Although some parts of South Asia continued to suffer significant levels of violence, the overall picture somewhat improved. The establishment of a national unity government in Afghanistan (after a disputed presidential election), the signing of a bilateral security agreement with the United States and a status-of-forces agreement with NATO set the conditions for a greater period of stability. The Afghan Taliban showed no interest in reconciliation, and was responsible for some of the highest levels of violence in the preceding 13 years. Nevertheless, the group was unable to consolidate territorial gains in the face of sustained and effective Afghan National Army and Police resistance. Afghanistan still faces formidable security, economic and governance problems. However, dire forecasts that the 2014 drawdown of NATO/ISAF troops would inevitably lead to a Taliban military victory are a long way from being realised.
In India a Naxalite insurgency that not so long ago seemed likely to take over substantial swathes of the north of the country appears to have been successfully contained, with a significant increase in the number of guerillas surrendering to government forces and a corresponding reduction in territorial gains. By contrast the security situation in Assam deteriorated to the point where at the end of 2014 the Indian army was obliged to launch a major assault against the National Democratic Front of Bodoland–Songbijit. India’s other border conflicts have all registered a continuing decline in levels of violence. In Kashmir, however, progress towards a negotiated peace remained elusive with artillery exchanges between Indian and Pakistani forces and two major terrorist attacks on Indian army bases.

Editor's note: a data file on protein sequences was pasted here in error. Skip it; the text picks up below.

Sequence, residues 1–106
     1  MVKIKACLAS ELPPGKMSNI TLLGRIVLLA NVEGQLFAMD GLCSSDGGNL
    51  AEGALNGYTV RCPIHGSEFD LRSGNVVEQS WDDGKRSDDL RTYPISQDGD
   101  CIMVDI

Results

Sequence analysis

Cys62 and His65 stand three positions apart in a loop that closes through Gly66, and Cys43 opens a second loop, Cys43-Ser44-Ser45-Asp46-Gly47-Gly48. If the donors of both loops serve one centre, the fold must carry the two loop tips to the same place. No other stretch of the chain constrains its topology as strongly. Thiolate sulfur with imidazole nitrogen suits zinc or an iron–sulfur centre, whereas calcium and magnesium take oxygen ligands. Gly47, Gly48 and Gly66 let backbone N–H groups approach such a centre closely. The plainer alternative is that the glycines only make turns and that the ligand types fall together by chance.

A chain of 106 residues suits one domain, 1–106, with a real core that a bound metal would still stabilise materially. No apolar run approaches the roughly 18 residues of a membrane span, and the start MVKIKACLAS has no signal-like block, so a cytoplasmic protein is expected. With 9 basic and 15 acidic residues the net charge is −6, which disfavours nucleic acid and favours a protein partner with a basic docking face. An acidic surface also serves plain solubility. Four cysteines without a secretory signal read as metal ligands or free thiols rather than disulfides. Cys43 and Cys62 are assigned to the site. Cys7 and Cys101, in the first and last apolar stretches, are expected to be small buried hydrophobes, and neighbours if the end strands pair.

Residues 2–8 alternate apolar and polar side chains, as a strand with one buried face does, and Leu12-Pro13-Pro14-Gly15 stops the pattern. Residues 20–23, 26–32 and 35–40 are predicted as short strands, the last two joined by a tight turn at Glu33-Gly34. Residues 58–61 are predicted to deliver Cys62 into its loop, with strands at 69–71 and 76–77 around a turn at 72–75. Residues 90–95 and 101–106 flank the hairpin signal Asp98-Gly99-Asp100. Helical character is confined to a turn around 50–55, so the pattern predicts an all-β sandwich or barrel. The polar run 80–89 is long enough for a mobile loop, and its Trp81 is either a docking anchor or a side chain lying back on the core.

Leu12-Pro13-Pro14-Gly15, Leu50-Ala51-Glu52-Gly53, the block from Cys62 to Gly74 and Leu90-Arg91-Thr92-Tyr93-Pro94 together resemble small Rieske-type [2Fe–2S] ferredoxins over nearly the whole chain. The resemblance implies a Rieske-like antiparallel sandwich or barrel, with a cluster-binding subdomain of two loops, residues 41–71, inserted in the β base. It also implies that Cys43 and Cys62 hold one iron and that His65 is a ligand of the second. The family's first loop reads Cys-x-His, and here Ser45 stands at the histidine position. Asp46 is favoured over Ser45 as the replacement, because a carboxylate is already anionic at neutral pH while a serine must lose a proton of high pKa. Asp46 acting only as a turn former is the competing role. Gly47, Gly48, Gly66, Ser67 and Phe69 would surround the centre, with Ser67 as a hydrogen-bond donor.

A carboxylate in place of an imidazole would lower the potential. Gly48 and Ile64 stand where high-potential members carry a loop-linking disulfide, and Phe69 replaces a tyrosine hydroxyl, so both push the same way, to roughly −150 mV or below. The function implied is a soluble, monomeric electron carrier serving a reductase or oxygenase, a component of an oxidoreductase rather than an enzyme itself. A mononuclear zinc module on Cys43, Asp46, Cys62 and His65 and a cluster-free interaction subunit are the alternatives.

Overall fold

Levels of armed conflict in the Asia-Pacific region remained relatively low. China, however, experienced an increase in terrorist attacks by Uighur separatists, not just in Xinjiang but also in locations such as Kunming in southwest China, resulting in some 400 fatalities, mainly civilians. China’s response was two-fold: an aggressive hard security response – ‘strike hard’ – and an emphasis on ambitious economic development plans – One Belt, One Road. Neither seems likely to address the causes of instability in China’s strategically critical western border region.
Although conflict continued at a medium intensity in Myanmar’s eastern and northern border regions, a peace process between Naypyidaw and the majority of Myanmar’s armed ethnic-minority groups resulted in significant progress until the end of 2014 when an increase in armed clashes was registered. A Nationwide Ceasefire Agreement appeared to be within touching distance. In Rakhine State the Rohingya minority was the victim of several instances of mob violence.
The Philippine government signed a Comprehensive Agreement on Bangsamoro in March 2014. The accord allows for a greater degree of autonomy and income from natural resources than in previous negotiations and requires the Moro Islamic Liberation Front (MILF) to disarm. The accord faced some opposition in the Philippine Congress and a MILF splinter group the Bangsamoro Islamic Freedom Fighters (BIFF) continued fighting for an independent Muslim state. Meanwhile the Philippine security forces continued operations against the Abu Sayyaf Group, some of whose members declared allegiance to ISIS.
Southern Thailand continued to suffer violence from separatist groups on an almost daily basis. Drive-by shootings and remotely detonated improvised explosive devices (IEDs) resulted in some 350 deaths. Thailand’s military government sought to renew peace talks engaging all the main insurgent groups with Malaysia playing the role of facilitator. Both the insurgents and Thai security forces have been accused of carrying out atrocities.
EUROPE AND EURASIA